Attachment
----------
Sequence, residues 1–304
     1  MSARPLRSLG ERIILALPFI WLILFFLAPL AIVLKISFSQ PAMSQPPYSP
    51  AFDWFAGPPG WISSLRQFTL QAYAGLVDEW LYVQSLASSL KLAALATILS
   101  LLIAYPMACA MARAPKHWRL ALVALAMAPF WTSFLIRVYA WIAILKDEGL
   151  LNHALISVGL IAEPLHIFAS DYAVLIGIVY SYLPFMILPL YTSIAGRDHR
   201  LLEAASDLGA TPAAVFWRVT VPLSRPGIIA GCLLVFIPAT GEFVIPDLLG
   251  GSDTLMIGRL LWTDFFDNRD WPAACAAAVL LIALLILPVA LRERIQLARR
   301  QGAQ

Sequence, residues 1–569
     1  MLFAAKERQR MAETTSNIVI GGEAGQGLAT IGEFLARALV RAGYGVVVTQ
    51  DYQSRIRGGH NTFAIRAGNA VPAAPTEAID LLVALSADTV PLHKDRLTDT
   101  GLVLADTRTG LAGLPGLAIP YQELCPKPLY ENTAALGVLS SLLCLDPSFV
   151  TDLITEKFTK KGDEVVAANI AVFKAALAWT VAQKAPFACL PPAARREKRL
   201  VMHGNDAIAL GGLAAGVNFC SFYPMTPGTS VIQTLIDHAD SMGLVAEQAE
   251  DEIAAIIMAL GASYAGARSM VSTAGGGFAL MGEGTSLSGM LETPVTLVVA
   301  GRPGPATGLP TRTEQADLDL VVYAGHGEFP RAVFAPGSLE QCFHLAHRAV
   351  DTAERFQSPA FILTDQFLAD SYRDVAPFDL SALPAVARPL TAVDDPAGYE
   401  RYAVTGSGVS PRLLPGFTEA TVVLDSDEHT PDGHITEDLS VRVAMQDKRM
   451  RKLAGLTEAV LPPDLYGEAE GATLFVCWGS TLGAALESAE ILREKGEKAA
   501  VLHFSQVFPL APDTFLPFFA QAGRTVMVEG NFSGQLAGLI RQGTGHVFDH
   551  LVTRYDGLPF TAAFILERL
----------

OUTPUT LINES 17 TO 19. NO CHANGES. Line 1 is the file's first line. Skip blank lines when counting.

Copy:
   351  DTAERFQSPA FILTDQFLAD SYRDVAPFDL SALPAVARPL TAVDDPAGYE
   401  RYAVTGSGVS PRLLPGFTEA TVVLDSDEHT PDGHITEDLS VRVAMQDKRM
   451  RKLAGLTEAV LPPDLYGEAE GATLFVCWGS TLGAALESAE ILREKGEKAA